# prove that if $\lim \limits_{n \to \infty}F( a_n)=\ell$, then $\lim \limits_{x \to \infty}F( x)=\ell$

Let $a_n$ be a strictly increasing sequence of positive real numbers ($a_n>0$) and $\lim \limits_{n \to \infty} a_n=\infty.$ Suppose that the sequence $(a_{n+1}-a_n)_n$ is bounded. Let $F:\mathbb{R}^+\rightarrow \mathbb R$ be a differentiable function. Ssuppose further that $\lim \limits_{x \to \infty}F'(x)=0$ and $\lim \limits_{n \to \infty}F( a_n)=\ell$. (Note that $\ell$ is a real number). Prove that: $$\lim \limits_{x \to \infty}F( x)=\ell$$ I'm stuck, I've tried to use the MVT but it gets me nowhere! can anyone help me solve this problem?

• @Hagen von Eitzen & Wojowu : Thank you for your help, so the trick is to use the definition a limit (epsilon which I hate! ) to find the solution/
– agre
Nov 8 '15 at 21:11
• Using the definition or other properies related to the objects in question is often helpful :) Nov 8 '15 at 21:14

Let $B$ be an uper bound for $|a_{n+1}-a_n|$.

Let $\epsilon>0$. Pick $M\in \Bbb R$ large enough so that $M>a_1$ and such that $|F'(x)|<\frac{\epsilon}{2B}$ for all $x>M$ (possible because $F'(x)\to 0$) and $|F(a_n)-l|<\frac\epsilon2$ for all $n$ with $a_n>M$ (possible because $F(a_n)\to l$). Let $x>M$. Tnen there exists $n$ with $a_n<x\le a_{n+1}$ and hence by the MVT $|F(x)-F(a_{n+1})|=|F'(\xi)|\cdot|a-a_{n+1}|<\frac{\epsilon}{2B}\cdot B=\frac\epsilon2$ with $\xi\in (x,a_{n+1})$. As also $|F(a_{n+1}-l|<\frac\epsilon2$ we conclide $|F(x)-l|<\epsilon$. We conclude that for all $x>M$ we have $|F(x)-l|<\epsilon$. In summary, $F(x)\to l$.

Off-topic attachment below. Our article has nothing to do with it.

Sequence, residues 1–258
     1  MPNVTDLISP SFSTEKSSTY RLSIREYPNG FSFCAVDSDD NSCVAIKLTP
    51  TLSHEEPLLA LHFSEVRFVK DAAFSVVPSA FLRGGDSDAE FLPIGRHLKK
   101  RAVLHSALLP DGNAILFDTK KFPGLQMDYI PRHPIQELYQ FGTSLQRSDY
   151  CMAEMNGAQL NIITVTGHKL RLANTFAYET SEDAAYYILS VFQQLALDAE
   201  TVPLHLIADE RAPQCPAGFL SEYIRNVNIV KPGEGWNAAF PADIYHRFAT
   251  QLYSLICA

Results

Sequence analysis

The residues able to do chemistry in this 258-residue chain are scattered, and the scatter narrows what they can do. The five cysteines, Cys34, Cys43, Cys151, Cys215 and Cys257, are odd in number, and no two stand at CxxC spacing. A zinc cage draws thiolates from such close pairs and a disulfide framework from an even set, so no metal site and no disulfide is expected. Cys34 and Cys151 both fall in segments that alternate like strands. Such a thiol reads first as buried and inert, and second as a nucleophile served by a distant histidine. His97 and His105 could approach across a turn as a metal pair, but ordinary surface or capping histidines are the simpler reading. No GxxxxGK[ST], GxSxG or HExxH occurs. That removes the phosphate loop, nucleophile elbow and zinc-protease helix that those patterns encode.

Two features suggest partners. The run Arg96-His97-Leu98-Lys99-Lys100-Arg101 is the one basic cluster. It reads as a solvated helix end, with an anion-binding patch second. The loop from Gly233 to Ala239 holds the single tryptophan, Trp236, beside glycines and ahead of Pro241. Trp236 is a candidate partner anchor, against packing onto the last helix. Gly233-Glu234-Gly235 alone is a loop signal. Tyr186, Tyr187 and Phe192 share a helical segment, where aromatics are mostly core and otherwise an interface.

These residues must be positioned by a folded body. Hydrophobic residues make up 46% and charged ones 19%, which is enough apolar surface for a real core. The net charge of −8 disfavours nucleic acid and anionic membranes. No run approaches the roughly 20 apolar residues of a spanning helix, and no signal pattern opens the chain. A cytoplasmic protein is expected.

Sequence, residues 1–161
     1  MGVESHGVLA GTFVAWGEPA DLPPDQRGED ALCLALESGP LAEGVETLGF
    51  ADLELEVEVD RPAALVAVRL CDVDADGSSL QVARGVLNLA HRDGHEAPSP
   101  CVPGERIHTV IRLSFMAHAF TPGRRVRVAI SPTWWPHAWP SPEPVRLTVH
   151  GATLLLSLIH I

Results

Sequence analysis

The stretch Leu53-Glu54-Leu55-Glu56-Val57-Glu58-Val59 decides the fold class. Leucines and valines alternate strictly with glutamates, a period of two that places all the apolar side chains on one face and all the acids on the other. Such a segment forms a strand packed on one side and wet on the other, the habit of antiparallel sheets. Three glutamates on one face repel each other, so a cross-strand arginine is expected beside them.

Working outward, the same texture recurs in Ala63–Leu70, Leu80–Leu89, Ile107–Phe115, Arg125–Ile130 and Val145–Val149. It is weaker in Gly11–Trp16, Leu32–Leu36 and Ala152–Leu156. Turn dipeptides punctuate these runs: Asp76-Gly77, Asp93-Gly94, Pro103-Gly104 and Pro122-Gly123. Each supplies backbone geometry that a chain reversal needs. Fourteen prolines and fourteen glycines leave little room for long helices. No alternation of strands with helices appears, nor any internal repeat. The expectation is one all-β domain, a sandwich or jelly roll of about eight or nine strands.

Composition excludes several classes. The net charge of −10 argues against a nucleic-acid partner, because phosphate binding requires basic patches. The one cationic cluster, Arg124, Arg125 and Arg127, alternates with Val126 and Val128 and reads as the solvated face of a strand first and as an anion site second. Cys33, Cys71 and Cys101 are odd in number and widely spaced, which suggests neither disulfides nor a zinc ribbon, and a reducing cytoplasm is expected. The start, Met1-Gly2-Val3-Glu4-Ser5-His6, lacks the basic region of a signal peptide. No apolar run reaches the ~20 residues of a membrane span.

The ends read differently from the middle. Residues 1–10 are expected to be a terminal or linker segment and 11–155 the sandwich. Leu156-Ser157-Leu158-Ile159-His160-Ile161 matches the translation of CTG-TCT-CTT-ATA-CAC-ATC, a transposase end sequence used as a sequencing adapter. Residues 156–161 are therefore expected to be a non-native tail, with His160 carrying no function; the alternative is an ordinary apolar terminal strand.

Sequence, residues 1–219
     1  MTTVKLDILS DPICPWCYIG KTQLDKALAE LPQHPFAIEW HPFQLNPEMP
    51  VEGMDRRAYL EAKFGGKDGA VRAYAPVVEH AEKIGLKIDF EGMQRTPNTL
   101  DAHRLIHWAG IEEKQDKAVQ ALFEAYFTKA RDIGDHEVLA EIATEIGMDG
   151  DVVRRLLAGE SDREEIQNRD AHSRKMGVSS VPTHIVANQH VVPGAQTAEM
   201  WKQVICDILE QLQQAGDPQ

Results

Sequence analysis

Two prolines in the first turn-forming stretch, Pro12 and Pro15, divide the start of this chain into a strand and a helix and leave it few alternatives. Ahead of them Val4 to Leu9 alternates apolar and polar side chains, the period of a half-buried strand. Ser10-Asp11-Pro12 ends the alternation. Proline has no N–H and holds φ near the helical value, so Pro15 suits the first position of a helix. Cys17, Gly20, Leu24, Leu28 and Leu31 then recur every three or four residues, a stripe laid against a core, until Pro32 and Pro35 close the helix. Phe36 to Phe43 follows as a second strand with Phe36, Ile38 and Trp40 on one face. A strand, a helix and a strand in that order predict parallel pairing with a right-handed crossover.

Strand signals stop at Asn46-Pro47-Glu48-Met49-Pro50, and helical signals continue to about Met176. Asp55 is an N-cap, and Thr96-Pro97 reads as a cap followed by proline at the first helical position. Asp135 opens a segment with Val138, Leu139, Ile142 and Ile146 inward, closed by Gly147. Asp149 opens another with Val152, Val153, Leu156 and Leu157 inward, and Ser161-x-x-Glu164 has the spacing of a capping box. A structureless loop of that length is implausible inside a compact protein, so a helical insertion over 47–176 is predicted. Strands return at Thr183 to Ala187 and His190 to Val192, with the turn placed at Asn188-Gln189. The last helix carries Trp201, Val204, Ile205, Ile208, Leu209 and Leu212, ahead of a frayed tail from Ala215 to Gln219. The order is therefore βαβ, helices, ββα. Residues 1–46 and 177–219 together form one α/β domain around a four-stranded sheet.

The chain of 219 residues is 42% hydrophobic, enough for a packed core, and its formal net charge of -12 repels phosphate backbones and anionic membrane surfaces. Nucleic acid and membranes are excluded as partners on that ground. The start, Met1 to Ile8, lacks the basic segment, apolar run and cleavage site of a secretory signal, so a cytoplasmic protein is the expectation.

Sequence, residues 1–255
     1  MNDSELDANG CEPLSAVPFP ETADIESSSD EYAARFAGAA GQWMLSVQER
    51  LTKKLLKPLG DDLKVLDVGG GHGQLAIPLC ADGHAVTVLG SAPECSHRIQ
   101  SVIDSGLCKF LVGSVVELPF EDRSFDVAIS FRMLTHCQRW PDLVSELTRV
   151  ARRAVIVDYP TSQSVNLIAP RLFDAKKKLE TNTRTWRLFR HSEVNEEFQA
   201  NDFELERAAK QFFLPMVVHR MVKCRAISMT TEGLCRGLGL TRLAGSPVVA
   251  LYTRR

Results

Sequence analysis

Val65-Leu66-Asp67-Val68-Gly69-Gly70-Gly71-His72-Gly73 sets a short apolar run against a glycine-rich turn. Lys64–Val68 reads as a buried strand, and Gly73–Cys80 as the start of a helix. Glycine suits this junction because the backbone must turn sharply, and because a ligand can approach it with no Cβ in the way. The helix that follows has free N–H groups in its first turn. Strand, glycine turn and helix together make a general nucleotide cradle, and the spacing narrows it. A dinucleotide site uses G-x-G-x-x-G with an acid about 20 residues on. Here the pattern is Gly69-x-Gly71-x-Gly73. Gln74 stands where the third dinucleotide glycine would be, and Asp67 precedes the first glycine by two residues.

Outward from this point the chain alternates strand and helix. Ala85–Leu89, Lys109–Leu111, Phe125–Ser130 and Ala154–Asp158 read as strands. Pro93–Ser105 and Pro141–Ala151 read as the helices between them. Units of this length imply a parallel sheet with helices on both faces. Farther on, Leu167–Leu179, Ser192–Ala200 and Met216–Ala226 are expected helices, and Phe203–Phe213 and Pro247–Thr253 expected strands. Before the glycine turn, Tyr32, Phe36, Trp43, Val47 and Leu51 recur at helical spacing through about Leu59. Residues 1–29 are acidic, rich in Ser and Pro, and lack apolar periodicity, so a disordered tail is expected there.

Some of the given conditions are indeed necessary:

• Consider $F(x)=x$ and $a_n=2-\frac1n$ and $l=2$. Here $a_n\not\to \infty$
• Consider $F(x)=\sin x$ and $a_n=n\pi$ and $l=0$. Here $F'(x)\not\to 0$ and the conclusion does not hold.
• Consider $F(x)=\sin \sqrt x$ and $a_n=n^2\pi$ and $l=0$. Here $|a_n-a_{n+1}|$ is not bounded and the conclusion fails.

However, the claim remains valid also if some (necessarily only finitely many) of the $a_n$ are $\le 0$, or if $a_n$ fails to be strictly increasing. (A closer look at the proof above reveals tha twe did not really use thiese properties, though they may simplify the argumentation).

• Thank you for the examples
– agre
Nov 8 '15 at 21:15

Suppose $a_{n+1}-a_n \le B$ for all $n$.

Let $\epsilon>0$, and choose $K$ such that for all $x \ge K$ we have $|F'(x)| \le {1 \over 2B} \epsilon$. Now choose $N$ such that for $n \ge N$ we have $a_n \ge K$ and $|F(a_n) -L| < {1 \over 2 } \epsilon$. Let $K' = A_N$.

Now suppose $x \ge K'$, then $x \in [a_n,a_{n+1}]$ for some $a_n \ge K$ and so $|F(x)-F(a_n)| \le { 1\over 2B} \epsilon |x-a_n| \le { 1\over 2} \epsilon$.

Then $|F(x)-L| \le |F(x)-F(a_n)| + |F(a_n)-L| < \epsilon$.

Hint: Suppose $0<a_n-a_{n-1}<L$ for all $n$. For given $\varepsilon>0$, $n$ large enough and $x$ between $a_{n-1},a_n$ we have $|F(x)-F(a_{n-1})|=|F'(\theta)(x-a_{n-1})|\leq |F'(\theta)(a_n-a_{n-1})|<\varepsilon L$.